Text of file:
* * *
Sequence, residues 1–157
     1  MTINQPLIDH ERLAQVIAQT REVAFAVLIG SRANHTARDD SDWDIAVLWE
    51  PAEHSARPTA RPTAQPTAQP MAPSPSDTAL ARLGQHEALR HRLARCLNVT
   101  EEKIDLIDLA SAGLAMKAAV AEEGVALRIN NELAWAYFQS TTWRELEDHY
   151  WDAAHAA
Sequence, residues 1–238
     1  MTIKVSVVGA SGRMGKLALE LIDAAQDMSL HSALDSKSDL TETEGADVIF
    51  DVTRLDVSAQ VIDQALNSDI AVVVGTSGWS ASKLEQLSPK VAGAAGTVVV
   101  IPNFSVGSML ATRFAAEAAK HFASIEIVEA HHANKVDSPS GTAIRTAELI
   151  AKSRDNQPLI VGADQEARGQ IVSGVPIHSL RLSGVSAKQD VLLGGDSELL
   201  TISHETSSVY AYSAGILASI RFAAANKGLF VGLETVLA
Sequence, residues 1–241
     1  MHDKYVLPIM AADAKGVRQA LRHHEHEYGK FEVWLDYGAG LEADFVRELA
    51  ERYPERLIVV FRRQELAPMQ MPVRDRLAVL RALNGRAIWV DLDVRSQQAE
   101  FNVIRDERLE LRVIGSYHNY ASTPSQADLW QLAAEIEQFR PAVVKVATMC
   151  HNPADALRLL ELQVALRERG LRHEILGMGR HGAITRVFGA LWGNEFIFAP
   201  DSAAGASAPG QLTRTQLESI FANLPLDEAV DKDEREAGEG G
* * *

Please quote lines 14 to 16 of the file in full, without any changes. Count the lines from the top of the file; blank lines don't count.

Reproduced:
    51  ERYPERLIVV FRRQELAPMQ MPVRDRLAVL RALNGRAIWV DLDVRSQQAE
   101  FNVIRDERLE LRVIGSYHNY ASTPSQADLW QLAAEIEQFR PAVVKVATMC
   151  HNPADALRLL ELQVALRERG LRHEILGMGR HGAITRVFGA LWGNEFIFAP